To the uninitiated, filling sandbags the old-fashioned way seems to
work just fine. A shovel, two people and a bag -- how could it get any
simpler? But for emergency workers scrambling to hold back floodwaters,
"sacking" bags is both time-consuming and manpower-intensive.
Product gaining reputation in flood control
Architect Matthew Piner saw potential for what he calls "the
elegant solution" in a handheld scoop device that would allow one
person to quickly and easily fill a sandbag. After two years of sweat
equity and design modifications, he now has the "GoBagger", a
unit gaining a reputation in the flood control business as the first
worthwhile low-tech improvement on the shovel-and-bag method.
Made of lightweight (and recyclable) molded polyethylene, the
GoBagger looks like a curvy yellow trash can with no bottom and two
vertically-stacked handholds on one side. Using it involves sliding a
standard burlap or plastic sandbag over the bottom of the GoBagger,
gripping both the bag and the unit with the lower hand, gripping the top
of the unit with the upper hand, scooping sand into the unit, lifting it
to channel sand into the bag and releasing the bag. This smooth,
intuitive process takes only one load of sand per bag instead of the
traditional three to four shovels.
Biggest advantage is freeing up people
"It works real excellent," Bill Hampton, general manager of
Levee District 1 in Yuba City, CA, said. "The biggest benefit is
freeing up people. With a GoBagger, it takes only one person to fill a
sandbag. So if you have 10 people, you free up five to help place the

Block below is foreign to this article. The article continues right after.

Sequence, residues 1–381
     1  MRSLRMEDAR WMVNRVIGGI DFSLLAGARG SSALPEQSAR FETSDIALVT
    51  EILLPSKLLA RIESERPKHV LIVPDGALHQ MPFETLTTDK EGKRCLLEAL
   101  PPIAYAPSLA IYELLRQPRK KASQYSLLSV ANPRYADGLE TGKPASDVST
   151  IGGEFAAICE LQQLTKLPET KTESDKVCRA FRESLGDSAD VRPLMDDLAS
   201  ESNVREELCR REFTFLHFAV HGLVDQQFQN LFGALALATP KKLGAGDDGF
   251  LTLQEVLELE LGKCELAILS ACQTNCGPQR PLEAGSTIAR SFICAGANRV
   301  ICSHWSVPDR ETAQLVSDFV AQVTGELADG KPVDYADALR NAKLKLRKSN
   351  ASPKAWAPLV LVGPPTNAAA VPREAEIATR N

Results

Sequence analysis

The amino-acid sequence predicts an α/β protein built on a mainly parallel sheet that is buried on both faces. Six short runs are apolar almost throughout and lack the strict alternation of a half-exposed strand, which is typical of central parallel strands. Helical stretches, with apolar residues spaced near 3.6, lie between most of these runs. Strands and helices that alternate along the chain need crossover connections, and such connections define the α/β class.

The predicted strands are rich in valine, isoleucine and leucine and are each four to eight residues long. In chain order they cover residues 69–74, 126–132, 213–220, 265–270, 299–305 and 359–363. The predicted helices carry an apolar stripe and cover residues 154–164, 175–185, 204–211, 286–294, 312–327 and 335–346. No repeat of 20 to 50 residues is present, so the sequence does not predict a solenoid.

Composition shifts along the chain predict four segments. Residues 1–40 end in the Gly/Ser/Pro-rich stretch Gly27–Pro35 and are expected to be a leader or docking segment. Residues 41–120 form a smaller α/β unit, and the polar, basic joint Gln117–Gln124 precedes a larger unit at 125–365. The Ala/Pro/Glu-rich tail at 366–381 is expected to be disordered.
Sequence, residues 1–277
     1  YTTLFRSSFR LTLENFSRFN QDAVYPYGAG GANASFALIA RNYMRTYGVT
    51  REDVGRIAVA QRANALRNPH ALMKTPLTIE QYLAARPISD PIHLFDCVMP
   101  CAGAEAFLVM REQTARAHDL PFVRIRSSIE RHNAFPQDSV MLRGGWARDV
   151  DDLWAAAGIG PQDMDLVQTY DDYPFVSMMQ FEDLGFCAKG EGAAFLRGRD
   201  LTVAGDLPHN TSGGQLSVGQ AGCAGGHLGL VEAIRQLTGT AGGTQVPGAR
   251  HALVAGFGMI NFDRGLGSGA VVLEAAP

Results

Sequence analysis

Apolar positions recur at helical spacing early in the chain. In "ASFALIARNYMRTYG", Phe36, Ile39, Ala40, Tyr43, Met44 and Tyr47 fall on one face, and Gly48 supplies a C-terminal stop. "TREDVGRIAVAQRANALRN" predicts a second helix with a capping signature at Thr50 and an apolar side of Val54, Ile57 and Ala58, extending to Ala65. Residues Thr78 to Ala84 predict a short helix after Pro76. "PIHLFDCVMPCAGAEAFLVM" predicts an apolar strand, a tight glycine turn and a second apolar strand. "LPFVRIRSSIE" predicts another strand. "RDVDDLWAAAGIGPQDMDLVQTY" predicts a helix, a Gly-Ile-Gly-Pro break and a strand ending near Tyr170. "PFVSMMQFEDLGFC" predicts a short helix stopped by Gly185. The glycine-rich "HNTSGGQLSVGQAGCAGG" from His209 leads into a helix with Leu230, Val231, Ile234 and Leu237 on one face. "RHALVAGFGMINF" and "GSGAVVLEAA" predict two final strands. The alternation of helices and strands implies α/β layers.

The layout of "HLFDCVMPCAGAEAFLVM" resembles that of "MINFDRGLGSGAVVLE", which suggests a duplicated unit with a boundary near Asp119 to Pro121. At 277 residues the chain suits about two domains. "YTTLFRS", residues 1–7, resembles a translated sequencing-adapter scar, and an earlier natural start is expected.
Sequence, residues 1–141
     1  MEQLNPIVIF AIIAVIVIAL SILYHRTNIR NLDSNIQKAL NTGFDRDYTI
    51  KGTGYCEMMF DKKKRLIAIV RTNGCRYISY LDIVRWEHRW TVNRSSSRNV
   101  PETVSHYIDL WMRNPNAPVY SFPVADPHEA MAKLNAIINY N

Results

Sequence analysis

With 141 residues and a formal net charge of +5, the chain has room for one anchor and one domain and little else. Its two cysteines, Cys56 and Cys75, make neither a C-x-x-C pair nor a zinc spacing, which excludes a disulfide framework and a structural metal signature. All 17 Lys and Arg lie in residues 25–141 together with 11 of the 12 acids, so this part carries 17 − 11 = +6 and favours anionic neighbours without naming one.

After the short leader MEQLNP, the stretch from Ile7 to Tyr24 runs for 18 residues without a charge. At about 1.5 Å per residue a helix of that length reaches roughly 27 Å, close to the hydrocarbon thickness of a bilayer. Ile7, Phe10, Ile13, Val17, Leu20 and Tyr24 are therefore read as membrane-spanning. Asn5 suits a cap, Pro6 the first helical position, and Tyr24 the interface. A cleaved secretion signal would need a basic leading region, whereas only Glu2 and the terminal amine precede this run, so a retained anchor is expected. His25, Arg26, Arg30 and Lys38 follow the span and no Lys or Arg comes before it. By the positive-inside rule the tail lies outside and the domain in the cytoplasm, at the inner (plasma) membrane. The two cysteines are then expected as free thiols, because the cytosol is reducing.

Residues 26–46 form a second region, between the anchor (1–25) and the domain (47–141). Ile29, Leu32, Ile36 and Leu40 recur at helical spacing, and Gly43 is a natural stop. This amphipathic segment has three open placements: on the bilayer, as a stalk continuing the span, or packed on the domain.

bags or watch for new breaks. It’s faster too. One person can get
about four bags filled in a minute -- one dip of the GoBagger and you’re
done. With two people working a shovel and a sandbag, you fill about one
and half bags a minute."
Hampton’s district is in Sutter County, right next to Yuba County
-- the two counties with the most miles of levees in the state. "We
could have definitely used GoBaggers in 1997," Hampton said.
That year, a record flow of water came down the Yuba, Feather and
Sacramento rivers. "Even with 350 people toiling, it was difficult
to hold the levees," he recalled. "All I had to think about
were 50,000 people’s lives. And once we got them evacuated, there were
still billions of dollars worth of assets."
While Hampton’s group managed to keep their levees intact, Yuba
County was not so lucky, suffering loss of life and property.
When Piner first started investigating the efficacy of his
sandbagging idea, there were already several low-tech devices out there.
In talking to emergency agency representatives, Piner found they all had
drawbacks—moving parts that break, bulkiness, two-person operation,
shoveling, or difficult operation. He found that his main competition
was not other sandbagging devices but the traditional bag and shovel
method. That freed him up to come up with a totally original idea.
‘Take purest idea and give it form…’
"I was interested in something simple," Piner said. "I am
an architect and a contractor. Everything I’ve been doing in my
business for the last 15 to 20 years is always about problem solving --
the simplest, most direct way to do something. Take the purest idea, the
best solution and give it form."
When Piner got the idea for a one person scoop, he made a model out
of construction paper, enlarged it to a paper pattern, cut and riveted a
sheet metal prototype, and found it worked. "The problem was how to
attach the bag," Piner remembered. "Finally I realized the
best way to hold the bag on the device was simply grabbing it with your
hand, because the hand is probably the most versatile tool there
Made of plastic for safety and light-weight
Following a patent search, Piner began researching the manufacturing
process. "I knew I wanted it made out of plastic to be safe and
After an industrial designer (Avatar Design of Sacramento) refined
the GoBagger design, Piner found a rotational molding company (